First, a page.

Now the World Health Organization has waved the white flag on Covid vaccine boosters too.
WHO released a statement about Covid vaccines yesterday. It’s filled with the usual public health jargon and ass-covering, but one line stands out:
a vaccination strategy based on repeated booster doses of the original vaccine composition is unlikely to be appropriate or sustainable.
It’s over, people.
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Aside from a few unlucky Israelis, no one is going to receive a fourth dose of the original vaccine; everyone with eyes can see it doesn’t work against Omicron. (And if you haven’t gotten a third dose, at this point, why would you? You are getting at most weeks of marginally improved protection for potentially severe side effects.)
Instead the WHO is now promising/demanding vaccines based on whatever the dominant Sars-Cov-2 strain is at the moment.
That promise is as empty as all the others the health bureaucrats and vaccine companies have made.
At least five major variants (“variants of concern”) have developed in the last year, and two have become globally dominant. Even the mRNA vaccines cannot be cooked up and delivered fast enough to match whatever strain of virus becomes dominant. Covid is faster than the scientists.
The foreign ministers of France and Germany are due to reveal a blueprint to effectively do away with individual member states in what is being described as an “ultimatum”.Under the radical proposals EU countries will lose the right to have their own army, criminal law, taxation system or central bank, with all those powers being transferred to Brussels.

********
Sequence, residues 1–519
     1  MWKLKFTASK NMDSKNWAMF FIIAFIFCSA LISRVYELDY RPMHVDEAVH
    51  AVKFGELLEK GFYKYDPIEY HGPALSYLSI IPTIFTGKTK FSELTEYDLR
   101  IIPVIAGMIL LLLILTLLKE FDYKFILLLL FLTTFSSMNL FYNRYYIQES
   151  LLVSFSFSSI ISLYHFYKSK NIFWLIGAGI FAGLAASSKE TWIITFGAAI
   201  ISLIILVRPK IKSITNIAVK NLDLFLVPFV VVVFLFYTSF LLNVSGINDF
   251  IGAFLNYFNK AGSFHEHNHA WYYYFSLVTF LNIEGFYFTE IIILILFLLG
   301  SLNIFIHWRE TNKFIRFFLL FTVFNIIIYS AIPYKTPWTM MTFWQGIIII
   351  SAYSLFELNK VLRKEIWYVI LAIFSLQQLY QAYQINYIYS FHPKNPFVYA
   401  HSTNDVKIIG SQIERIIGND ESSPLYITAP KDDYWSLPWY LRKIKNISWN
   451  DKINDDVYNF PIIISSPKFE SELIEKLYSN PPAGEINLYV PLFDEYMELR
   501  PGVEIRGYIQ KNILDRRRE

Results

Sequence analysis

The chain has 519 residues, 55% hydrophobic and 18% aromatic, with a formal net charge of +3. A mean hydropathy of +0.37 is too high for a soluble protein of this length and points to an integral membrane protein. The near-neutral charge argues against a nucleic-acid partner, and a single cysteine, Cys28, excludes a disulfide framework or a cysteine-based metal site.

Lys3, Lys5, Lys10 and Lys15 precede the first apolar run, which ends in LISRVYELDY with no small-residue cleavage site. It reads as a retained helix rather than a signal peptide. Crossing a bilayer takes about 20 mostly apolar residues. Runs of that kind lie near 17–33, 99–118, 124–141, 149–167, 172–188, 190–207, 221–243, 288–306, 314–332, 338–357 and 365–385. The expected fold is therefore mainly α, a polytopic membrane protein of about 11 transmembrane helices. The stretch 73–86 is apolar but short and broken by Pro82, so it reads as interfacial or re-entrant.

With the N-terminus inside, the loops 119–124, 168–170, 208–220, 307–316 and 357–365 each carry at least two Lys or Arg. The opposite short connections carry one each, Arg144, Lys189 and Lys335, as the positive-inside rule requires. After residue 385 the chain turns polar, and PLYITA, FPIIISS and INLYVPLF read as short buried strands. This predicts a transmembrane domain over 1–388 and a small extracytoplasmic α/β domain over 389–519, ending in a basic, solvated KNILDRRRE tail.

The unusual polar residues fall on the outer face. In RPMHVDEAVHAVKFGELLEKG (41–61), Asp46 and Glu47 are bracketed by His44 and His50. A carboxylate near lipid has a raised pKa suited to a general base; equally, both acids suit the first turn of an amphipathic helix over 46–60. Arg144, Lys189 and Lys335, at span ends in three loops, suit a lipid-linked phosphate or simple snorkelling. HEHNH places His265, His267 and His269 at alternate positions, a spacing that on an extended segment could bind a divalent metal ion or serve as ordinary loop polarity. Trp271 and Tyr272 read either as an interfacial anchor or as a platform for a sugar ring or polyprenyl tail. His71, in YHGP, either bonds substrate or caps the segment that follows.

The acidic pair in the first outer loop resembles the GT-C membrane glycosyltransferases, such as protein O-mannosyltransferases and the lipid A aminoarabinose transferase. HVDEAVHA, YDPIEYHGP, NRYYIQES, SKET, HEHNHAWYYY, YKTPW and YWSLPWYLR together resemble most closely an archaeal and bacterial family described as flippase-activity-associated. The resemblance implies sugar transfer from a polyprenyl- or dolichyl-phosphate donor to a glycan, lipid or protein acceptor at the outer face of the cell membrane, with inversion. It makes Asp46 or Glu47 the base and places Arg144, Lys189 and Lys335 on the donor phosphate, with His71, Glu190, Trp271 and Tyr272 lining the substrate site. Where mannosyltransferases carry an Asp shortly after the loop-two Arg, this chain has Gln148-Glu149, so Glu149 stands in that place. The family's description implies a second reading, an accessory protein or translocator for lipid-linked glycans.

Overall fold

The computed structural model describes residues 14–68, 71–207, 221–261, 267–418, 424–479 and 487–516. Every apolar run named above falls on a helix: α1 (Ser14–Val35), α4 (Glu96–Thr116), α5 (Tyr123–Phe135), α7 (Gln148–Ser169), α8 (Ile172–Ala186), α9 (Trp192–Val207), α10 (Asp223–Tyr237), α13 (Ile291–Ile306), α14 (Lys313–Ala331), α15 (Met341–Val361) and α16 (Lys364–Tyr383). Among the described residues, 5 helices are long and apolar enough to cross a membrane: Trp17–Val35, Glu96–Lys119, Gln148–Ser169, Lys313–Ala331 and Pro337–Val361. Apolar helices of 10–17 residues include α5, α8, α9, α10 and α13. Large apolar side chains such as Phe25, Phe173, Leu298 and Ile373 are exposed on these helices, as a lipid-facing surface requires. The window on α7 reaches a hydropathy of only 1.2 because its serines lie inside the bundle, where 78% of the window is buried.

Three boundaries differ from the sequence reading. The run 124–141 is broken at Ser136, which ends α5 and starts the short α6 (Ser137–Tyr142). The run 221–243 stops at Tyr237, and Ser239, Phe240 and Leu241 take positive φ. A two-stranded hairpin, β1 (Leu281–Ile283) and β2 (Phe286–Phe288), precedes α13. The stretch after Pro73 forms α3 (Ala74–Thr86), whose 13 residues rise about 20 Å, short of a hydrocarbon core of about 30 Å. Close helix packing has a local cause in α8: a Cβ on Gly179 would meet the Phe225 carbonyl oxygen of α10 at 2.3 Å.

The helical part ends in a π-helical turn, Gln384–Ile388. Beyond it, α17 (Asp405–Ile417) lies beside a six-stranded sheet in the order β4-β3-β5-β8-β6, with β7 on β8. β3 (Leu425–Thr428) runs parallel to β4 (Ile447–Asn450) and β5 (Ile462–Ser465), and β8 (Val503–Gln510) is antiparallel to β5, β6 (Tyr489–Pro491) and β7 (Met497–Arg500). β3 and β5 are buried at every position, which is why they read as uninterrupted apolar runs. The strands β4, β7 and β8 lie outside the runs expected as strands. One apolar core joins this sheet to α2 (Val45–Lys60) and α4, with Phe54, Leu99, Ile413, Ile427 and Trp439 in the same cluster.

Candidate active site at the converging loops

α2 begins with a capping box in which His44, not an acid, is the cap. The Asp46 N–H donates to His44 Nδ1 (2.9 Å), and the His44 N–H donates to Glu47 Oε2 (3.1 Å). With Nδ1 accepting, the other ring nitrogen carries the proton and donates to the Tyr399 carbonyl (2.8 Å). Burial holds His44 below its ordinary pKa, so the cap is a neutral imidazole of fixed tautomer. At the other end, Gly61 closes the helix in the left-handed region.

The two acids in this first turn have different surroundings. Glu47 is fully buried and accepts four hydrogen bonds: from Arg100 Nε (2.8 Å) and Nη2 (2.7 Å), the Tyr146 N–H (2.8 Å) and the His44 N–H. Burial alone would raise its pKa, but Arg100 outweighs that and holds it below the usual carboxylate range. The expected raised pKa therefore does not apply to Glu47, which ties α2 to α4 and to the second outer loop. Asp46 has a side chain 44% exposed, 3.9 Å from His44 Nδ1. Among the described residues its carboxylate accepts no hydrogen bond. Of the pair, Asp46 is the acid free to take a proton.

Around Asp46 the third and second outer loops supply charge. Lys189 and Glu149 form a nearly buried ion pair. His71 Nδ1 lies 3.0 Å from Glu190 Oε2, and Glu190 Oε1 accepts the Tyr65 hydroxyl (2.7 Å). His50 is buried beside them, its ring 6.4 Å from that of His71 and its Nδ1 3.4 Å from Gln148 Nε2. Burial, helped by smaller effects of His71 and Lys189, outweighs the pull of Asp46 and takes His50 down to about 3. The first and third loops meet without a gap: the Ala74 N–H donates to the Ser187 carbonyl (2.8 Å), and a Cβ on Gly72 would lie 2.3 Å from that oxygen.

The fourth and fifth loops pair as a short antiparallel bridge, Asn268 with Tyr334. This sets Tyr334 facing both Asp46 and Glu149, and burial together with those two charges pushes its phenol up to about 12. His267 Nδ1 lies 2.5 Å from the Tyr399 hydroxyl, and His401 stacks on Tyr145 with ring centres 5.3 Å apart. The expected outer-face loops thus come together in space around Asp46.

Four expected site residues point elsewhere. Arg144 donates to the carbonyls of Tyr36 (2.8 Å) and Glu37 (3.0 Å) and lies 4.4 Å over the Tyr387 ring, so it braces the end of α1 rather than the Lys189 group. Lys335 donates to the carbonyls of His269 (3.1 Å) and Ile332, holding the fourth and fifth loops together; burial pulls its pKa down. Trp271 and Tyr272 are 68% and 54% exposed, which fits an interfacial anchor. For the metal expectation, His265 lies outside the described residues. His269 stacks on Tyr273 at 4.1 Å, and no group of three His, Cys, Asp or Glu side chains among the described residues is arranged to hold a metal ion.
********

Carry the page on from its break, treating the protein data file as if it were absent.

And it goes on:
Controversially member states would also lose what few controls they have left over their own borders, including the procedure for admitting and relocating refugees.The plot has sparked fury and panic in Poland – a traditional ally of Britain in the fight against federalism – after being leaked to Polish news channel TVP Info.
Polish politicians say the plans include loss of control of a number of key policy areas
Polish foreign minister Witold Waszczykowski has blasted the plan
The public broadcaster reported the bombshell proposal would be presented to a meeting of the Visegrad group of countries – made up of Poland, the Czech Republic, Hungary and Slovakia – by German Foreign Minister Frank-Walter Steinmeier.In the preamble to the text the two ministers write: “Our countries share a common destiny and a common set of values ??that give rise to an even closer union between our citizens. We will therefore strive for a political union in Europe and invite the next Europeans to participate in this venture.”
The revelations come just days after Britain shook the Brussels establishment by voting to leave the European Union in a move some have predicted could leave to the break-up of the EU.
A number of member states are deeply unhappy about the creeping federalism of the European project with anti-EU sentiments running high in eastern Europe, Scandinavia and France.